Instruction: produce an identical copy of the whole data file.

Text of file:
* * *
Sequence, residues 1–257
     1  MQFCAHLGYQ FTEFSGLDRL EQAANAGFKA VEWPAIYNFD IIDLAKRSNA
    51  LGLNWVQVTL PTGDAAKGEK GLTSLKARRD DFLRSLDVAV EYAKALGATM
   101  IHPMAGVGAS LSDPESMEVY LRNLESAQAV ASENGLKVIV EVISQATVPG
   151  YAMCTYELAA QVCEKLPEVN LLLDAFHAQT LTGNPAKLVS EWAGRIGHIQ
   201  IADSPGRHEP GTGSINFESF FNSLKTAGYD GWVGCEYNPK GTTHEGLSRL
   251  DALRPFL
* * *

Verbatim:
Sequence, residues 1–257
     1  MQFCAHLGYQ FTEFSGLDRL EQAANAGFKA VEWPAIYNFD IIDLAKRSNA
    51  LGLNWVQVTL PTGDAAKGEK GLTSLKARRD DFLRSLDVAV EYAKALGATM
   101  IHPMAGVGAS LSDPESMEVY LRNLESAQAV ASENGLKVIV EVISQATVPG
   151  YAMCTYELAA QVCEKLPEVN LLLDAFHAQT LTGNPAKLVS EWAGRIGHIQ
   201  IADSPGRHEP GTGSINFESF FNSLKTAGYD GWVGCEYNPK GTTHEGLSRL
   251  DALRPFL